In an era where we see major technological advancements within just a year or even a few months. There is one technology that falls behind significantly – batteries.

From mobile phones to electric vehicles, batteries are used in abundance for power storage. There is one particular type of battery that is favored over the others due to its high energy density, the Lithium-ion battery. 

Ever since its commercialization back in 1991, the lithium-ion battery has gone through its fair share of iterations that has improved the energy density of the battery itself. The most notable one being the solid state battery which makes use of solid electrolytes instead of liquid or polymer ones. This not only improved its energy density but was also responsible for significantly reducing the cell size [3-4 microns] and allowed for the possibility of fast charging to take place without the formation of dendrites. 

However, despite its efficiency, there’s only a certain number of times a battery can be charged or the capacity of power it can hold. The challenge in developing new batteries is that you can either have a battery with high energy [watt-hours] or with higher levels of power [watts] but never both. This means that they can either discharge a ton of power for a short duration of time or discharge a small amount of power for a longer duration of time. 

If not all, most technological advancements have been either mechanical, electronical or algorithm related. Essentially meaning that they are ‘bit’ advancements rather than ‘atom’ related advancements, batteries falling into the latter category. As history dictates, chemical advancements and breakthroughs take a lot of time to formulate and actually make commercially available, take penicillin for example.

Multiple new battery technologies are being developed every year, but only a handful of them actually make it. These are due to 3 main reasons: 

  1. Scaling- One of the most arduous endeavours for battery technology is scaling from the experimental level to a commercially viable one. Novel battery technologies might look good on a micro level while experimenting with small quantities in a lab but when you develop it in a larger quantity, the same chemical process might unfold in an ambiguous way. This may result in it displaying unfavorable conditions that are not suitable for commercial use.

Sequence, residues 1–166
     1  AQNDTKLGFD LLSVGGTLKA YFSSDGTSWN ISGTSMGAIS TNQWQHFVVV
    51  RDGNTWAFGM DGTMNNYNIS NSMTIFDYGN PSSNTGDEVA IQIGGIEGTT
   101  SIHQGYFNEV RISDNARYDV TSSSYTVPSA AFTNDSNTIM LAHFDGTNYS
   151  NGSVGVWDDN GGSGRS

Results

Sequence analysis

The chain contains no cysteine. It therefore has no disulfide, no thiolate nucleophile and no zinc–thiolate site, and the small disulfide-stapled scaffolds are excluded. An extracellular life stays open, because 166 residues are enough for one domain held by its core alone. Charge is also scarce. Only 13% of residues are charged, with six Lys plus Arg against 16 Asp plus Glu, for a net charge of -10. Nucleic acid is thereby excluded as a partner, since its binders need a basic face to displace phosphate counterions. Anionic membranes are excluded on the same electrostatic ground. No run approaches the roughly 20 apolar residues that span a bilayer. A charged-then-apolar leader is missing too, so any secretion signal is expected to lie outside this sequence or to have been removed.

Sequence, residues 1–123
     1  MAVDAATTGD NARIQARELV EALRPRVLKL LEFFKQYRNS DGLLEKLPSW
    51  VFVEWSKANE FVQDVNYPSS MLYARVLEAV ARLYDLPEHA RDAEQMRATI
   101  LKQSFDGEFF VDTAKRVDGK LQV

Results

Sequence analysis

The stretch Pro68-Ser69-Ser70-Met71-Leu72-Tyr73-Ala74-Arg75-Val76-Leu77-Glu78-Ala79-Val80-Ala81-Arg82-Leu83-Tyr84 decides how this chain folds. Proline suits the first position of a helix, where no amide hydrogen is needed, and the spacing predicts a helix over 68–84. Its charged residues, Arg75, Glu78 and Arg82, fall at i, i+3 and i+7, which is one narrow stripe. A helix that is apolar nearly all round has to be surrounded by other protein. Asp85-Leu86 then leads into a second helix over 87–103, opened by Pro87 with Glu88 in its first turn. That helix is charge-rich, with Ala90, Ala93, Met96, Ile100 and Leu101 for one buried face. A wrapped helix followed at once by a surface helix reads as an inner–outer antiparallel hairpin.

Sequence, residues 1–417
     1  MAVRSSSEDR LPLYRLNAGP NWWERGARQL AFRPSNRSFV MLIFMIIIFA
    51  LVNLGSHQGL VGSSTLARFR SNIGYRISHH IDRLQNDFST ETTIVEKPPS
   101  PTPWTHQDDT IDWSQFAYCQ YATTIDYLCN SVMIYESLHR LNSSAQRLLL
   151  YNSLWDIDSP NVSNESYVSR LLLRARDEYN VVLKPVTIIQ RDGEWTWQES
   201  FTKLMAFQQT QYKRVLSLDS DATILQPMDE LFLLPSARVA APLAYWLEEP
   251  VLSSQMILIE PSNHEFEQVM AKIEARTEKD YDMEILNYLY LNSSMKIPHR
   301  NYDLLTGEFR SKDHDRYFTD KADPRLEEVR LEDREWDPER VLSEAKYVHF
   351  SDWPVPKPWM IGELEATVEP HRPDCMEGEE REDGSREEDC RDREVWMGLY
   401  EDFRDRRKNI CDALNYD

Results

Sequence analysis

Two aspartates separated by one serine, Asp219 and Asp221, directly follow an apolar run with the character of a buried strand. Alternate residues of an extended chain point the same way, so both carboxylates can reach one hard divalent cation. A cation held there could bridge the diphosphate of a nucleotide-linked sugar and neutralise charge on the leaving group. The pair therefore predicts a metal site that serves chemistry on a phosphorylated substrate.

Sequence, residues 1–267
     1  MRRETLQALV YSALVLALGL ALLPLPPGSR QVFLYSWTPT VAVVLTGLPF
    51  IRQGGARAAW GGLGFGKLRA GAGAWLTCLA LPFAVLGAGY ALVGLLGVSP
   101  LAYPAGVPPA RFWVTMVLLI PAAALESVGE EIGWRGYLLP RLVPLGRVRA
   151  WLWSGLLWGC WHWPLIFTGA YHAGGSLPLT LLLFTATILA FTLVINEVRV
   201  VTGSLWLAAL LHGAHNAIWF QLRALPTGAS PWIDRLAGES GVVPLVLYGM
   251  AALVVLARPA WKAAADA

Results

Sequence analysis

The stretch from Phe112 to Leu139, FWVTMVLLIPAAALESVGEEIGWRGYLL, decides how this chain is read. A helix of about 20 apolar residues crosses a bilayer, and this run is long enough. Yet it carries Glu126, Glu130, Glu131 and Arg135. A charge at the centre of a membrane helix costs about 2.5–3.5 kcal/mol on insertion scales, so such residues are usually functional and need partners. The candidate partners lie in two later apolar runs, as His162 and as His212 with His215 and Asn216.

2. Funding and incurred costs- It requires hundreds of millions of dollars in funding just to get a decent start and around a billion dollars for actually completing the development of a new type of technology to reach a scale that would make it viable for commercial use. According to an analysis in energy storage by Lux Research, startups developing “next-generation” batteries i.e., beyond lithium-ion averaged just $40 million in funding over 8 years. Which is significantly short if you compare it to Tesla’s $5 billion investment in Gigafactory to produce lithium-ion batteries. 
  3. Reliability and testing- With faulty developments in lithium-ion batteries that caused it to catch fire and sometimes even explode in the case of certain Samsung phones, extra precaution needs to be taken while developing other such technology. Which means rigorous testing and experimenting cycles that will prolong an already time-consuming development cycle. 

According to recent developments, scientists are looking for alternative elements to replace lithium. Although, finding an element that has a lower density and works just as efficiently as lithium is a herculean task. This approach, however, doesn’t tackle the inherent limitations of modern-day batteries, like inefficiency in charging and discharging or the internal resistance of the batteries themselves. They should instead figure out how to store energy at high charge efficiency, and similarly, come up with storage elements that have low internal resistance.

Leave a comment

Podcast suggestions of the week

TechMerge © 2019 . All rights reserved.